Interim Joint Committee on Licensing and Occupations


Minutes of the<MeetNo1> 3rd Meeting

of the 2010 Interim


<MeetMDY1> September 10, 2010


Call to Order and Roll Call

The<MeetNo2> 3rd meeting of the Interim Joint Committee on Licensing and Occupations was held on<Day> Friday,<MeetMDY2> September 10, 2010, 10:00 AM, at<MeetTime> Beam Global Spirits and Wine, Clermont, Kentucky. Senator Gary Tapp, Chair, called the meeting to order, and the secretary called the roll.


Present were:


Members:<Members> Senator Gary Tapp, Co-Chair; Representative Dennis Keene, Co-Chair; Senators Perry B. Clark, Julie Denton, Denise Harper Angel, John Schickel, Dan "Malano" Seum, and Damon Thayer; Representatives Tom Burch, Larry Clark, Ron Crimm, Tim Firkins, David Floyd, Dennis Horlander, Adam Koenig, Reginald Meeks, Charles Miller, David Osborne, Darryl T. Owens, Sal Santoro, Arnold Simpson, and Susan Westrom.


Guests: Jim Morehead, Director of US Manufacturing, Steve Robinson, Vice President of Global Finance, and Jerry Summers, Director of Community Relations, Beam Global; Tony Dehner, Commissioner, Randy Fawns Deputy Commissioner, Peter Ervin, General Counsel and Virginia Davis, Legislative Liaison, Department of Alcoholic Beverage Control; Angela Criswell, Coordinator, Bluegrass Prevention Center, Tara Maguire, State Youth Program Coordinator, Mothers Against Drunk Driving.


LRC Staff: Tom Hewlett, Bryce Amburgey, Carrie Klaber, Michel Sanderson, and Susan Cunningham


Approval of minutes from July 9, 2010, Meeting

There was a motion from Representative Owens, followed by a second from Representative Firkins and the minutes were adopted by voice vote.


Welcome and remarks from representatives of Jim Beam Distillery

Jeff Conder, Vice President, Beam Global, American Operations told the committee that at its regular meeting the Board of Directors for the Kentucky Distillers Association had adopted a resolution honoring Senator Tapp. Mr. Conder read and presented the resolution to Senator Tapp.


Jim Morehead, Director of US Manufacturing, said Beam Global has Kentucky locations in Boston, Clermont, Frankfort, Loretto and Louisville. Most people do not know that Jim Beam and Makers Mark are connected. Currently there are 835 people employed by Beam in Kentucky, including 488 who belong to the United Food and Commercial Workers union. In 2008, the company acquired the Cruzan Rum label, creating more jobs at the Frankfort plant. Additionally, the bottling of Canadian Club, which had previously been done in Canada, was brought to Kentucky. Beam truly is a global company with operations in Calgary, Alberta, Canada; the Sauza plant in Guadalajara, Mexico; and two years ago Beam acquired the Cruzan plant in St. Croix, Virgin Islands. The DeKuyper plant in Cincinnati will close in 2011 transferring 120 jobs to the Frankfort plant.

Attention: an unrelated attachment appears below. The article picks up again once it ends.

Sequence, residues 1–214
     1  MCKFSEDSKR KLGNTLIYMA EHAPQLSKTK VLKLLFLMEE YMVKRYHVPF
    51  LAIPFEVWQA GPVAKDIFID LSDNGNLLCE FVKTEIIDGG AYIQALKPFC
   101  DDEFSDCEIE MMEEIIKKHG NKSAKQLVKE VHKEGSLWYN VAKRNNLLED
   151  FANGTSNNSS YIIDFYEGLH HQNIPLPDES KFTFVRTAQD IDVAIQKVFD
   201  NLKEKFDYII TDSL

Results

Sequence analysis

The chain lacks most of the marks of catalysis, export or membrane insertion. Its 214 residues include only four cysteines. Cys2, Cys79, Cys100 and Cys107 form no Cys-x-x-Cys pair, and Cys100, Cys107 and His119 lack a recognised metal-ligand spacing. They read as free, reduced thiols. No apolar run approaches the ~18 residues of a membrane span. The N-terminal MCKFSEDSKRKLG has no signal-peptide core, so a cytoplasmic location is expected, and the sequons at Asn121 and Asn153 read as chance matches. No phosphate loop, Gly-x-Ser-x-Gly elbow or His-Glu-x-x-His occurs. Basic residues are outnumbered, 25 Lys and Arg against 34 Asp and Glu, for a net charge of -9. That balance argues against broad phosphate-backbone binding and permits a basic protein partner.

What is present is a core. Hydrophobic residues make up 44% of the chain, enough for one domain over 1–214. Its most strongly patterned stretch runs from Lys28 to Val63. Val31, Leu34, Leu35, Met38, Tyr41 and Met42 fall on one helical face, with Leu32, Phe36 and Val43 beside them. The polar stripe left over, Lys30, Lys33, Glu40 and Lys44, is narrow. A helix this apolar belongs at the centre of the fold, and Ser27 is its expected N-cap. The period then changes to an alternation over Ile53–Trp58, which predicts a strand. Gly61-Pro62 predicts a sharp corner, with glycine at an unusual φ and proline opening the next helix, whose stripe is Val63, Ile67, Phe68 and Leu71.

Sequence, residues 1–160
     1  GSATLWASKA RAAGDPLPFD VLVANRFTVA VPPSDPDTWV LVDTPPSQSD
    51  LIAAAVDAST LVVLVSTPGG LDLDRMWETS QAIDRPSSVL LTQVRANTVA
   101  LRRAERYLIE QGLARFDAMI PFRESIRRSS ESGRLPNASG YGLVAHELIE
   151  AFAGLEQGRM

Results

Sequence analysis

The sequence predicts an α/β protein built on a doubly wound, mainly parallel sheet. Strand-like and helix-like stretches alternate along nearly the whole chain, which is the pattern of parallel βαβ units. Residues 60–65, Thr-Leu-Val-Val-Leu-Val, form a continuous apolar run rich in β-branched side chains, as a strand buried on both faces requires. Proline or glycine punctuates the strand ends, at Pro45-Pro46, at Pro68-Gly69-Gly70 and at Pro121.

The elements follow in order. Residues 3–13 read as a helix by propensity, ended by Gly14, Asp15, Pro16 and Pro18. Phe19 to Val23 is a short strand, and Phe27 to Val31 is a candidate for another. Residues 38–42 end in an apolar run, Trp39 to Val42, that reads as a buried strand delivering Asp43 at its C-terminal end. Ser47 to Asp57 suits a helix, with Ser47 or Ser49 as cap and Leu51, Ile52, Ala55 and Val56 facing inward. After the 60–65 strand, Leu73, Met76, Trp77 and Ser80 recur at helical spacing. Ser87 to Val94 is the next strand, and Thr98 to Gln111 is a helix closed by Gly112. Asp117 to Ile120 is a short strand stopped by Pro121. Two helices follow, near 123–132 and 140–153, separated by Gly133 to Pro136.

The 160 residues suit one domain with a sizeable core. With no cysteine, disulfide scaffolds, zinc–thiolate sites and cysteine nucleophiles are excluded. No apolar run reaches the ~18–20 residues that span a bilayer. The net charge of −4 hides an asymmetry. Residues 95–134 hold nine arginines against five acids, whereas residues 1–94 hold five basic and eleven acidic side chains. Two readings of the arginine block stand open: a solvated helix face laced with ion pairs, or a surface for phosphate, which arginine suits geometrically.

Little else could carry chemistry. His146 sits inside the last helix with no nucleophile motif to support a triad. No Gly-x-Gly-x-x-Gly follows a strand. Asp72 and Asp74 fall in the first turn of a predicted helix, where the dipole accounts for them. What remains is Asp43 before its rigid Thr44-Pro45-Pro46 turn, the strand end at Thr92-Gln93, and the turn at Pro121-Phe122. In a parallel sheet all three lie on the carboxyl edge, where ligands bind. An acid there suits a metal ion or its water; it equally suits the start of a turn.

Concerning the Kentucky facilities, Mr. Morehead said there are four site locations that are known as the Clermont operations sitting on 420 acres. The plant distills, warehouses, processes, bottles and ships case products worldwide, and on a small scale produces non-bourbon products. However, 40 percent of the company's business is being done at the Frankfort plant. The bottling facility in Frankfort is one of the most advanced in the country with nine bottling lines filling more than 23,000 cases per shift. The Maker's Mark distillery was founded in 1805 and is recognized in the Guinness Book of World Records for being the oldest operating bourbon distillery in the world. The site covers 618 acres with buildings on the National Register of Historic Places. It has a large collection of buildings over 100 years old and most of the property is treated as nature preserve. Makers Mark has significant export markets in Japan, Australia and the United Kingdom; however, projections for 2010 are to bottle and sell over 90 percent of its bourbon in the United States.


Mr. Morehead said the company was very proud to be an American company from the ground up. Barrels are purchased from companies located here in the state, Eastern Kentucky coal is used, and much of the grain used to produce the bourbon is raised in Kentucky. Tax revenue from the distillery contributes a total of $7.81 million dollars from property, ad valorem, sales and payroll tax. Additionally, $350 million dollars is paid in federal excise tax.


Mr. Morehead told the committee that Beam's tourism industry was also being expanded at Maker's Mark and the Jim Beam American Outpost. The Maker's Mark program was a model for other distillery's and that 100,000 visitors will pass through the Loretto site in 2010. The Bourbon Trail is very important to the visitor's experience. Taking a leadership role in social responsibility is important to Jim Beam, adding that Beam is proud to be the leader in the industry in working with all aspects of the community to correct irresponsible uses of alcohol.